Originally submitted to (www.metal-observer.com) on April 8, 2009.
Let's talk a little bit about the phrase "kick-ass". It is used to describe anything that is so undeniably cool that it cannot be described with any other words (hence why it is often used in conjuction with metal reviews). In summation, COC's Blind is fucking kick-ass.
"But why?" you ask. Well, all post-whatever genre-mixing novelty aside, this album is pretty damn solid.
Let's start with the riffage. Chops, licks, runs, riffs, chugga-chuggas, oh my! Blind has it all, and in good form. Pepper and Woodroe are truly masters of their craft! Every riff perfectly complements the swing of the song, as does every solo. My personal favorite moment of rhythm/lead interplay is on "Echoes in the Well", right near the end. Come to think of it, that whole song is guitar mastery. The riffs (unlike most other supposed "riffs" these days) actually show restraint in order to fully complement every other instrument. The bass intro sets the pace of the song, shortly followed by the drums and rhythm guitar, which both personify the word "dirge". But where is the lead guitar? That, my friends is what makes this track special. The lead guitar is actually playing a duet with the vocals, causing a simply sick harmony. I'm talking bluesy, soulful, and yet dismal! It's perfection, I tell you.
I could waste a whole bunch of time talking about why the drums and bass tightly accentuate the guitars and vocals by way of uncompromising thrash and doom layers, forming a unique soundscape that is the rhythmic forefront of every song (yet is simultaneously only the foundation for further groovage)... but I won't.
Finally, the finished product.You want flow? Blind has flow. From the very first sludgy intro track to the very last... sludgy outro track(?), Blind leaves no doubt that it owns your ass. The first palm muted power-chug sets an ultimately downtrodden mood (which one would expect through the duration of the album), but the first actual song (the first track is merely an intro) jumps from thrash mode to an immediate catchy chorus. Actually, whole album is catchy. You can sing along to every part of it if you want to (and trust me, you want to!!!), it's just so damn good. The rest of the album basically follows in the wake of the first two or three, but they never get boring or trite. Each song has it's own mood, swing, even personality. And EVERYTHING FITS! Each note has a purpose, every beat serves to complement the album as a whole. Even the shrederliness isn't arbitrary, it just drives the point home!
Speaking of point: lyrics. The lyrics are not your typical punky, pointless, anarchy fare. There is some solid social commentary throughout the album, but the single best song is "White Noise". The lyrics and feel of the song get you amped up and ready to kick some racist ass. That's all there is to say. You might find yourself screaming (at the top of your lungs, mind you) along with the last line. I always do.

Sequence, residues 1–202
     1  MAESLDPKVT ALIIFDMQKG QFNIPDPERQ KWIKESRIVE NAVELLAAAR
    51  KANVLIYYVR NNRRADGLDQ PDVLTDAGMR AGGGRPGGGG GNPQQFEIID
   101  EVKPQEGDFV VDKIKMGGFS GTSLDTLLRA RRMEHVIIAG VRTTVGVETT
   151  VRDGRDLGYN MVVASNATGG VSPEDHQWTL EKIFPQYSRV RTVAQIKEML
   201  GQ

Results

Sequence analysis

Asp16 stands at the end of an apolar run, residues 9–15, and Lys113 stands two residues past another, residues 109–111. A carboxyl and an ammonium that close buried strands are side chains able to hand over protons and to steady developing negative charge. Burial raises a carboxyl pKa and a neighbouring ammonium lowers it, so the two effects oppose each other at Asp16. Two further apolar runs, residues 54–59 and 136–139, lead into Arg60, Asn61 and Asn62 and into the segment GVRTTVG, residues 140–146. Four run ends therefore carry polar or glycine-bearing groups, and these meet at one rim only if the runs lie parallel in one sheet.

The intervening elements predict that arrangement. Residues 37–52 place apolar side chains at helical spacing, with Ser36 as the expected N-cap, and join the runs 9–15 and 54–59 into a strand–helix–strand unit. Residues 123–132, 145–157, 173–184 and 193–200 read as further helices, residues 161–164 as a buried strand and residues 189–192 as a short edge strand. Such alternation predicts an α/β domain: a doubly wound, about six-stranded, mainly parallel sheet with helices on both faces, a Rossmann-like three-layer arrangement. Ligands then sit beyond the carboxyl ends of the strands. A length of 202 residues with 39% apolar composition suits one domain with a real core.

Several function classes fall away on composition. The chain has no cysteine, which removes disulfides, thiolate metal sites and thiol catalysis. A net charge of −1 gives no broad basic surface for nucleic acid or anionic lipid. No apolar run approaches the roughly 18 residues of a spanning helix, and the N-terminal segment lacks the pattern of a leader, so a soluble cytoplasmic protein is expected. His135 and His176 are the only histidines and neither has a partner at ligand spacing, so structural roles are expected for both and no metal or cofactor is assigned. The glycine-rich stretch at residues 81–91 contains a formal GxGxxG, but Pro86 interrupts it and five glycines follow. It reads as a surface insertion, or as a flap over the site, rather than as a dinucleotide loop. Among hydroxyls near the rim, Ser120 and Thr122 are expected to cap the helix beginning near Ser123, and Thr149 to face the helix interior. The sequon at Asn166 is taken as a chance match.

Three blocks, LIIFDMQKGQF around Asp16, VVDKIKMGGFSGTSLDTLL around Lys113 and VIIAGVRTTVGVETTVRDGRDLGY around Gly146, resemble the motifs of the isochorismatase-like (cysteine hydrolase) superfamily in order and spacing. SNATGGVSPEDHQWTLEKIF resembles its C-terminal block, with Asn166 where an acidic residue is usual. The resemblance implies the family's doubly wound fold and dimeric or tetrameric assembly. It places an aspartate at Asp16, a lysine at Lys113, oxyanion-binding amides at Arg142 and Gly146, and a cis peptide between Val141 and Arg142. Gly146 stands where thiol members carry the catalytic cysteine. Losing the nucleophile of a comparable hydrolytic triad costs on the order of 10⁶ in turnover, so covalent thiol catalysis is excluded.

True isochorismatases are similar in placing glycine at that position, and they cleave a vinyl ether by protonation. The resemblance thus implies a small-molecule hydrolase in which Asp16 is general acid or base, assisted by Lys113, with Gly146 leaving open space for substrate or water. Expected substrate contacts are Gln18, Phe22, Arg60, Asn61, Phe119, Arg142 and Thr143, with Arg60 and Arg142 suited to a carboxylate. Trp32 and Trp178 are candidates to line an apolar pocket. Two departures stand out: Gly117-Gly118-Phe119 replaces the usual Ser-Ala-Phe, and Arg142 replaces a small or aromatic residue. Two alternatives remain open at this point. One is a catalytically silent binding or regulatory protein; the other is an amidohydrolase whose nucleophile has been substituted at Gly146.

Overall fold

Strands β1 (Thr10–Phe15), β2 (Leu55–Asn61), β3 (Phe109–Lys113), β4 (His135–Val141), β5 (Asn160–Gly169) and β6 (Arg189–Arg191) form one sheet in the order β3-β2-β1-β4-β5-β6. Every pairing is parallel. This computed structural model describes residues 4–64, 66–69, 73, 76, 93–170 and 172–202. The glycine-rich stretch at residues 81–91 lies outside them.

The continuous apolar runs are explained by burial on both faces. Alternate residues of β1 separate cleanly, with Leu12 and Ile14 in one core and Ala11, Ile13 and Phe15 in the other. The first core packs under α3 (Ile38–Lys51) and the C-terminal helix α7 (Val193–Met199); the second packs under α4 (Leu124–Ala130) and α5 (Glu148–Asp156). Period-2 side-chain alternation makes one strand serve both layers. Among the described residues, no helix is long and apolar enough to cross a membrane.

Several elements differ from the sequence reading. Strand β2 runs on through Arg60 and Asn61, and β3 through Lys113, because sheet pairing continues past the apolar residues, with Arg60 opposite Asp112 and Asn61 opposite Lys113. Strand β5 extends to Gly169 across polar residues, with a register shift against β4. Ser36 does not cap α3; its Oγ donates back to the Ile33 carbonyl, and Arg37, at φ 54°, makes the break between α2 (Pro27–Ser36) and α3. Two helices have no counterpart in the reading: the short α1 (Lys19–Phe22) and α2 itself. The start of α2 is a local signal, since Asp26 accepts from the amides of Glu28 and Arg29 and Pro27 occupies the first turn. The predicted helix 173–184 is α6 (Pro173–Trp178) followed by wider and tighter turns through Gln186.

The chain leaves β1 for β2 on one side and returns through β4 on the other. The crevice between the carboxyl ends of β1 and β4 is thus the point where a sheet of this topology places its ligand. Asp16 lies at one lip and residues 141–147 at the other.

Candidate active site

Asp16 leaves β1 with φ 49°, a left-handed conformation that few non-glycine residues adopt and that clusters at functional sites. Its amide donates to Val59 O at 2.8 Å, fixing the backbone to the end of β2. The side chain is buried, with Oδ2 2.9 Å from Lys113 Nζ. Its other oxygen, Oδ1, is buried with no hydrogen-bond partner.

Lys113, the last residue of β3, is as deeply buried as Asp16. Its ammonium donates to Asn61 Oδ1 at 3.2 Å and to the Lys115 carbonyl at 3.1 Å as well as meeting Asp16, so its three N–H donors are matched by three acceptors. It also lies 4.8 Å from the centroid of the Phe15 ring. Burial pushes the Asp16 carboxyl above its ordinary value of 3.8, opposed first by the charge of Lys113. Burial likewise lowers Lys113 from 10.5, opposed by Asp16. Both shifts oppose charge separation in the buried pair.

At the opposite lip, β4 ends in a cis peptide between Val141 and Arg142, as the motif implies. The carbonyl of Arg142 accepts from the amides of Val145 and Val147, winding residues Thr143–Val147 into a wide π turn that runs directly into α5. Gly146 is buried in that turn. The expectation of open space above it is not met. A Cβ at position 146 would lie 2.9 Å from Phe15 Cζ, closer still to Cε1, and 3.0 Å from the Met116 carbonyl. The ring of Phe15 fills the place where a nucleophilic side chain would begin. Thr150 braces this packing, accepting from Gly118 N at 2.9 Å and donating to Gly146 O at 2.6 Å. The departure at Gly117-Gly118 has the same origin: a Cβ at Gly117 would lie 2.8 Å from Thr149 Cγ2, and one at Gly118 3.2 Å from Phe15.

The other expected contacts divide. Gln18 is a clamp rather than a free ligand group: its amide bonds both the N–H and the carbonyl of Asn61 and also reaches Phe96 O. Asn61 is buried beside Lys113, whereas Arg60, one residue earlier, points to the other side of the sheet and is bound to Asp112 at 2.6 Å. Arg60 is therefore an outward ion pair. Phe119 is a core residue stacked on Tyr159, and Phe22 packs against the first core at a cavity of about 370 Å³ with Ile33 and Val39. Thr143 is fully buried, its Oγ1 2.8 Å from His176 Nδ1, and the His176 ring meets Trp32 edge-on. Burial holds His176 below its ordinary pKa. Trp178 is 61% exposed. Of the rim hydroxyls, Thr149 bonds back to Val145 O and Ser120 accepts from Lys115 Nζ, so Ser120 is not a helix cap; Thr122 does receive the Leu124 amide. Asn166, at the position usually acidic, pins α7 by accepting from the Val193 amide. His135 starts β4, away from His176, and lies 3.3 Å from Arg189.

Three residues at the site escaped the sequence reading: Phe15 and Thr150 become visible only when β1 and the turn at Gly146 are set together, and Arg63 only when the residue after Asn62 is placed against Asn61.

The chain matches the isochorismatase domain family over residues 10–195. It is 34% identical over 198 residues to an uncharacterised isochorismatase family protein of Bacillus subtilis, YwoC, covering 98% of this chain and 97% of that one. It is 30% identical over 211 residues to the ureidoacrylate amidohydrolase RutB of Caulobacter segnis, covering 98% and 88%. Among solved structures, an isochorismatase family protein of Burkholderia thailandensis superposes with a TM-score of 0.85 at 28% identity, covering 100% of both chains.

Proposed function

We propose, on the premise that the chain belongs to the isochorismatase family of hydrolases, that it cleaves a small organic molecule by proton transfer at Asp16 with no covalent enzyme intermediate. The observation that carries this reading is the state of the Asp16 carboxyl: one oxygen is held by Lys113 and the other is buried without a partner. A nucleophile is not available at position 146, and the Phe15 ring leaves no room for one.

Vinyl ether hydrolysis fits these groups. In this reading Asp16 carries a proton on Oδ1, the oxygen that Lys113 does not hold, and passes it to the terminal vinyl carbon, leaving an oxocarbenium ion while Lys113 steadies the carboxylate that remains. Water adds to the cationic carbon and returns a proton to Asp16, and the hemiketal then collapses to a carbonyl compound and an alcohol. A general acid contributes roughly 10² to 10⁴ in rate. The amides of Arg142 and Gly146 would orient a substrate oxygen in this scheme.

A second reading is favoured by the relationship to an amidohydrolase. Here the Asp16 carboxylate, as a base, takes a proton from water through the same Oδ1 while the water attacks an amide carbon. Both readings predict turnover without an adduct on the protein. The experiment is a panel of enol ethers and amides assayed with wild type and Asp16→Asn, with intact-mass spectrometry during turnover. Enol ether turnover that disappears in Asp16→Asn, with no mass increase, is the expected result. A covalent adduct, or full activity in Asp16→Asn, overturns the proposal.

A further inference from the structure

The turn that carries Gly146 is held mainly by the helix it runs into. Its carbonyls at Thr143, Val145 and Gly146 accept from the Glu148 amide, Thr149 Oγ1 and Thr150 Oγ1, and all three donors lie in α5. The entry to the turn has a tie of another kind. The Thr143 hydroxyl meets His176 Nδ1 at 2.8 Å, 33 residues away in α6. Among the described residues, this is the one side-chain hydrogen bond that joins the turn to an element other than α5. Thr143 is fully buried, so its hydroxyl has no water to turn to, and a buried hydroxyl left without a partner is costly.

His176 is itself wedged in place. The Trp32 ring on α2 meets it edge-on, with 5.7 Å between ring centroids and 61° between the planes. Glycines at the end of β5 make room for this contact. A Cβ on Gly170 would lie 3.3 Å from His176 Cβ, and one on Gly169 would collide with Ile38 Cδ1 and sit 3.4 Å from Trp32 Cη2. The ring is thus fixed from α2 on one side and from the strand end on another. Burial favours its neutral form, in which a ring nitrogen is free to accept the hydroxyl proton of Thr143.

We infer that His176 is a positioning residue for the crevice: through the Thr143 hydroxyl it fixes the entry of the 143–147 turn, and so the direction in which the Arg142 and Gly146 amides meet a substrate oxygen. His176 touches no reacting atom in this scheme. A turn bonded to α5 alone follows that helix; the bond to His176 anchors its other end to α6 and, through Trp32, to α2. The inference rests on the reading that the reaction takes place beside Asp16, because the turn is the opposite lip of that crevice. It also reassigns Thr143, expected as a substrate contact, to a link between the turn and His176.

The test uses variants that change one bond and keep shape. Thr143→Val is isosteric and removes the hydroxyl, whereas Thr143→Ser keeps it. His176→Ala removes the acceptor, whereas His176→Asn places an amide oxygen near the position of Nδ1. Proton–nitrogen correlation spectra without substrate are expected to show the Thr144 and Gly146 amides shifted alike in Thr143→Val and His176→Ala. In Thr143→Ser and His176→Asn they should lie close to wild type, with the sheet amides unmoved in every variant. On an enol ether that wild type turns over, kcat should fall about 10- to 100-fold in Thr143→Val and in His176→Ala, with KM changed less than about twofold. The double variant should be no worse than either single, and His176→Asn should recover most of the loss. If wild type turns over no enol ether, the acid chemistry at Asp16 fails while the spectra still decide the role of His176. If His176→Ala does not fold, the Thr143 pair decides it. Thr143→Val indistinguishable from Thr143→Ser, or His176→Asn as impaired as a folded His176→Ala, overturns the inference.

So there it is. Blind in a nutshell. Oh yeah, there are some bonus tracks on the re-release, but they just include a cover and a cool blues song by Pepper. They're great, but overall they are just seperate songs added on the end, so I sometimes don't even listen to them. ANYWAY, the rest of the album is, simply put, kick-ass. Near perfection. I know this is not leaving my c.d. player for a while.
Post-thrash-doom-whatever-core? Maybe. But it just kicks solid amounts of ass.
Now this was a pleasant surprise from COC before they slipped into silly Southern rock admiration. They still maintained their hardcore roots lyrically and musically the metal side of things began dominating more. This was not a bad thing on this album, though, because the metal influence was more the sludgy doom feel.
There is some more melody present in the vocal realm courtesy of Karl Agell (who also put on a great show live when I saw them on this tour) and his slightly more refined vocal approach, and there is an abundance of catchy riffing. Agell really lets go on this album with equal parts soul and rage vying for your attention and his performance makes this album very listenable. The soloing from Pepper Keenan and band mainstay Woody Weatherman is bluesy and soulful, especially on "Dance of the Dead", with thick, squealing notes pelting you in measured doses with molasses-sweet tone courtesy of producer John Custer, who did a great job engineering a clear and not overly produced sound on this album. The bass, as always, is not terribly audible and doesn't add much to the sound. Reed Mullin's drumming is spot on and the production highlights his precise and grooving style nicely.